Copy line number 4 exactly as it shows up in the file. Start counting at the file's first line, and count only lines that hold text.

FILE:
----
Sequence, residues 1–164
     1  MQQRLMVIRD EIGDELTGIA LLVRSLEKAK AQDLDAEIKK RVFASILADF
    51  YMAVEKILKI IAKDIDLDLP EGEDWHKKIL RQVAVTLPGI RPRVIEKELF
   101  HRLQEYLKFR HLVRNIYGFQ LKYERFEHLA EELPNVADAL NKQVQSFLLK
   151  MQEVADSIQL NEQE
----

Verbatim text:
   101  HRLQEYLKFR HLVRNIYGFQ LKYERFEHLA EELPNVADAL NKQVQSFLLK